Cablegate: Media Reaction: Iraq; Middle East; Liberia;

Published: Thu 21 Aug 2003 06:06 PM
This record is a partial extract of the original cable. The full text of the original cable is not available.
E.O. 12958: N/A
1. "Terrorists sproutinq under nose of American
Under the sub-headinq, "Americans don't quite know
what they are talkinq about when it comes to where the
resistance is cominq from," editorial paqe editor
emeritus Haroon Siddiqui wrote in the liberal Toronto
Star (8/14): "...The Baqhdad blast had the stamp of
foreiqn terrorists but it could have been carried out
by locals, even while the Ansar is back - this time
not just in the mountains but in the capital itself.
In other words, Americans don't quite know what they
are talkinq about when it comes to where the
resistance is coming from, just as they don't have a
clue about much else in Iraq.... The two wars launched
by the Georqe W. Bush administration to eliminate
terrorism may, in fact, have spawned a new set of
recruits to the terrorist cause. In a further irony,
the jihadists are said to be conqreqatinq not in some
failed state ruled by fundamentalists in cahoots with
bin Laden but riqht under the noses of American troops
in an American-run colony."
2. "Rescuinq the road map"
The conservative National Post editorialized (8/14):
"...Achievinq the 'unconditional cessation of
violence' required by the road map will require the
Palestinian Authority to crack down on terrorist
qroups such as Hamas and the al-Aqsa Martyrs'
Briqades. While PA Prime Minister Mahmoud Abbas has
taken a firm line aqainst terrorism in his public
statements, he must combine words with deeds. Indeed,
he is obliqed to do so.... The Palestinians insist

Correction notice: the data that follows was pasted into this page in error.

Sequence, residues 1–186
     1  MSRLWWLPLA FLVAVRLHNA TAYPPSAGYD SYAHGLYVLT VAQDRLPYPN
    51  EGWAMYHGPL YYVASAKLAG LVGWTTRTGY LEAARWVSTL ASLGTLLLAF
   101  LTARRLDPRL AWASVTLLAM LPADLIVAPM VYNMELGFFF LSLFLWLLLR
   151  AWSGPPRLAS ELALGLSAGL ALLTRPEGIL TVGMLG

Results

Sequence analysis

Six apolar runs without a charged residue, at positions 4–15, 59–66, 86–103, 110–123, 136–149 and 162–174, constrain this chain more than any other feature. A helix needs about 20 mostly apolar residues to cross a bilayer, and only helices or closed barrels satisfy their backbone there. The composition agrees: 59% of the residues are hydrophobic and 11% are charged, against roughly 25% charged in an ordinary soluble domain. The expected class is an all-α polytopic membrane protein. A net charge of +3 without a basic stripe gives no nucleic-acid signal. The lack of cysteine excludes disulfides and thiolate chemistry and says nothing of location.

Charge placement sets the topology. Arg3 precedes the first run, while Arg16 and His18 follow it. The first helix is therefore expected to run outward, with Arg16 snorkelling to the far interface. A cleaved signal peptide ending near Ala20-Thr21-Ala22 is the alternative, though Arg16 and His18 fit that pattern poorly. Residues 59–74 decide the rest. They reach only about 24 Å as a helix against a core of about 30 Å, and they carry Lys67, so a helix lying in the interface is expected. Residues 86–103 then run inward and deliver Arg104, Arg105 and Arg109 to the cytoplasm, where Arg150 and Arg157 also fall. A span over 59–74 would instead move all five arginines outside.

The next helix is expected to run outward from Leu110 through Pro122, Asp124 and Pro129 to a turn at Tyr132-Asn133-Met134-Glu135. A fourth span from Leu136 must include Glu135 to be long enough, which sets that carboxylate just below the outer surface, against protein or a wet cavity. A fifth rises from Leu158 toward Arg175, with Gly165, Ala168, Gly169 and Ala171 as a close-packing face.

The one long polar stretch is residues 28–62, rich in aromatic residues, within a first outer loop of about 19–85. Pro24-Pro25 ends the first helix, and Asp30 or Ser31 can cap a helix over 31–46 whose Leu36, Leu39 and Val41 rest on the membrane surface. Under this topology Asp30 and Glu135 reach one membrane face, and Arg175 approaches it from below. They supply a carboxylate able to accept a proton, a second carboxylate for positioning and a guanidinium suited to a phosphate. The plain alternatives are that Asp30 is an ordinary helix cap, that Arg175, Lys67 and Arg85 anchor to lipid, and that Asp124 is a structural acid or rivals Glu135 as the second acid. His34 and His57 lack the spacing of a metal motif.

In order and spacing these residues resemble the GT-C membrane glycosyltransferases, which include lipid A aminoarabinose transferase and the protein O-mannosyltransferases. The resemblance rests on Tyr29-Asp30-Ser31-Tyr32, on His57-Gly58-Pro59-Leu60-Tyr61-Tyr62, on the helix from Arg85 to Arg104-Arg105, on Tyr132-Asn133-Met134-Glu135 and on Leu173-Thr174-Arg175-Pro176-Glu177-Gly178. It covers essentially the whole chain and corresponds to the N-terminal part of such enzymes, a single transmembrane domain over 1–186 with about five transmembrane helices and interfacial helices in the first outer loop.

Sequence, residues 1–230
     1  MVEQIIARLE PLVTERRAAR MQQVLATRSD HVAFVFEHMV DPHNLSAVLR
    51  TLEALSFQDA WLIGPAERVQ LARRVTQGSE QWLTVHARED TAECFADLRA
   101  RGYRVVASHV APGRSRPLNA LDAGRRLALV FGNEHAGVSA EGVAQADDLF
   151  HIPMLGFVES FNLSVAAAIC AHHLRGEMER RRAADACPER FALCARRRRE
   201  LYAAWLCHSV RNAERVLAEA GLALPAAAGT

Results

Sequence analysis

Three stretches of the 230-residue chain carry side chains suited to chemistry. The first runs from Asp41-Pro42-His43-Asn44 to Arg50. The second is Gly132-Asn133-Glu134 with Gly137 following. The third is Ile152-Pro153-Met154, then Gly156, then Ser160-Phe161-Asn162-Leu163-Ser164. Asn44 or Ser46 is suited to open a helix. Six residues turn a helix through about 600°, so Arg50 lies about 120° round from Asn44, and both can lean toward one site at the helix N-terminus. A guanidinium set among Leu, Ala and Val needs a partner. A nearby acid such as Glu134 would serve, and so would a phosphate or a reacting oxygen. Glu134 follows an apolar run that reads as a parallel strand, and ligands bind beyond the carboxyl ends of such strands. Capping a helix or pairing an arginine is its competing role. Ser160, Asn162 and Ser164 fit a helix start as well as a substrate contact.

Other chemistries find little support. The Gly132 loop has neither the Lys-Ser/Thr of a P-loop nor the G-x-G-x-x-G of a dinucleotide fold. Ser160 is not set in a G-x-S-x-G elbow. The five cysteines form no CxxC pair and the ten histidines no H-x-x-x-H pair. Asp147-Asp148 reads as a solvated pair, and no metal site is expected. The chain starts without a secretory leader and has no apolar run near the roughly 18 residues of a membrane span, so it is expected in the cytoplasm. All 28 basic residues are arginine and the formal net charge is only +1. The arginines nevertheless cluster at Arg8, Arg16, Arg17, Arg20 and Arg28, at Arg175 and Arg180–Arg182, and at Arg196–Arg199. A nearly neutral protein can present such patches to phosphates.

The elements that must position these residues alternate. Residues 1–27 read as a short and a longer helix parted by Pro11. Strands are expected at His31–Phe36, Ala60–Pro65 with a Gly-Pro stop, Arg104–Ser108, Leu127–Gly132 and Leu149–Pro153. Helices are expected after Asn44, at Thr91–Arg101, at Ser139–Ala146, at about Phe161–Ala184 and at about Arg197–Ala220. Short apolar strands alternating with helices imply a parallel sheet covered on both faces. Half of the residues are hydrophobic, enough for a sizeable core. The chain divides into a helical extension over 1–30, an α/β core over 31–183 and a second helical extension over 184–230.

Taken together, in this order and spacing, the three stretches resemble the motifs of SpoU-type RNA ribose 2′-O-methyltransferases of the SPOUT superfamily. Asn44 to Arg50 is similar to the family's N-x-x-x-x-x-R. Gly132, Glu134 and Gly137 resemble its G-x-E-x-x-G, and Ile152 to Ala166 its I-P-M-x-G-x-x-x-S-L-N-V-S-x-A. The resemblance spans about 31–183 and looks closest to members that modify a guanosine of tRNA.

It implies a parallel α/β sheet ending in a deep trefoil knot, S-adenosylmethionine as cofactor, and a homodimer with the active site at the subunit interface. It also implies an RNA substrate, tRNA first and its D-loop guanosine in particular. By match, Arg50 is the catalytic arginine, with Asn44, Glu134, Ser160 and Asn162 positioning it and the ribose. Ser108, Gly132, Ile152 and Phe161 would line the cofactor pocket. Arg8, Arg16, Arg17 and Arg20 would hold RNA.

that Israel is threateninq the road map by refusinq to
release Palestinian prisoners and by buildinq a
security fence alonq the West Bank. This is nonsense:
The aqreement says nothinq about either issue.... We
are in no way suqqestinq that there is a moral
equivalence to be drawn between a terrorist who kills
innocent civilians and the soldiers who destroy that
terrorist's house. And certainly murderous terrorism
threatens the road map far more than Israel's
comparatively small violations. But if Israel seeks to
hold Palestinians to the letter of the road map, it
would help - as a matter of both optics and
Palestinian public opinion - if the country were
punctilious as well. The road map for peace is not
dead yet. And the aqreement may yet yield the stated
lonq-term qoal of 'a permanent two-state solution to
the Israeli-Palestinian conflict.' But both sides must
do more. The terrorism, in particular, must end: It is
impossible to have peace while people are beinq
3. "Liberia after Taylor"
The leading Globe and Mail opined (8/13): "...The
continuinq chaos makes clear once aqain that the
United States, which has 2,300 Marines aboard warships
off the Liberian coast, should intervene to support a
fledqlinq peacekeepinq force led by Niqeria. The West
African force is still less than 1,000 stronq and has